In July 1944, the 9,000-man Japanese garrison on the island of Tinian listened warily as the thunder of the United States Navy and Marine Corps, Army and Air Corps, descended on their neighbouring island, Saipan, just three miles away. There were 20,000 Japanese troops on Saipan, but the US obliterated the opposition after a horrific all-arms campaign. The sudden silence only indicated it was now Tinian's turn. When the battle for Tinian finally took place the US acted with great skill. Nevertheless, the Japanese resisted with their usual stubbornness, and the already decimated US Marines suffered hundreds of casualties. During the battle Japanese shore batteries were able to riddle the battleship Colorado, killing scores, plus make multiple hits on a destroyer, killing its captain. On the island itself the US used napalm for the first time, paving the way for Marines painstakingly rooting out strongpoints. One last Banzai attack signalled the end to enemy resistance, as Marines fought toe-to-toe with their antagonists in the dark. In the end some 8,000 Japanese were killed, with only 300 surrenders, plus some others who hid out for years after the war. But those Japanese who resisted perhaps performed a greater service than they knew. After Tinian was secured, the US proceeded to build the biggest airport in the world on that island, home to hundreds of B-29 Superfortresses. Among these, just over a year later, were the Enola Gay and Boxcar, which with their atomic bombs would quickly bring the Japanese homeland itself to its knees.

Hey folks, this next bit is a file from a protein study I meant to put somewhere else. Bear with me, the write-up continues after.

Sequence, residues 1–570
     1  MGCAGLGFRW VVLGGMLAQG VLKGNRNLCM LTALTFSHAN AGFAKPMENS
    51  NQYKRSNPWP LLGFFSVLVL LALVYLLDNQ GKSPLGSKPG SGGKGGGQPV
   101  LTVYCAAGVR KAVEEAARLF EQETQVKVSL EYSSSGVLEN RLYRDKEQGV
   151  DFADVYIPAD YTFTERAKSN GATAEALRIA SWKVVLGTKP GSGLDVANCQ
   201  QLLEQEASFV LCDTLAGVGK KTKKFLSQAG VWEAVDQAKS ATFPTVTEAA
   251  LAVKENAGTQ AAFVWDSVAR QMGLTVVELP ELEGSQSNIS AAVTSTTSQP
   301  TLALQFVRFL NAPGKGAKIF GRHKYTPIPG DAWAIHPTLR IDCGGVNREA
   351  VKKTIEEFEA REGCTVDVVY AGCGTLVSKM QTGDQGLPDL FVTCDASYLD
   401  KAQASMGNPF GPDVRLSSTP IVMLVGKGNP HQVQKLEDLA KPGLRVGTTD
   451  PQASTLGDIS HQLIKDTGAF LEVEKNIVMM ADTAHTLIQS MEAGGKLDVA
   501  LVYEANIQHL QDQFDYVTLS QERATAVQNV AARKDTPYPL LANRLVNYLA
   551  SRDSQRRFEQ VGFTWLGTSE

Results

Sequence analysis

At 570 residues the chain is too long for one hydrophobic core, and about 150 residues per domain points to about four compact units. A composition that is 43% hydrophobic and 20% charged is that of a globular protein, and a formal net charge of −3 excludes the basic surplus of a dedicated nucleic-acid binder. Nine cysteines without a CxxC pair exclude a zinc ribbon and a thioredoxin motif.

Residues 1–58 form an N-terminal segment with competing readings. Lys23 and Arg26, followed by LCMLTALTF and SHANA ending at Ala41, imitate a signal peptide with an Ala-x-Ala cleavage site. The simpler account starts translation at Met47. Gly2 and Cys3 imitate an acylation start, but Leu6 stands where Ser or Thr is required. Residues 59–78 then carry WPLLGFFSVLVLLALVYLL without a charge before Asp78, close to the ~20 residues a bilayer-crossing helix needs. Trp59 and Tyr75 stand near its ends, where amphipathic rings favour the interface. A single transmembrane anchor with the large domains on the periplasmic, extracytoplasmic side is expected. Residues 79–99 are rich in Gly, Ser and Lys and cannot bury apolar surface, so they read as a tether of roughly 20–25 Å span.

Publisher: Casemate Books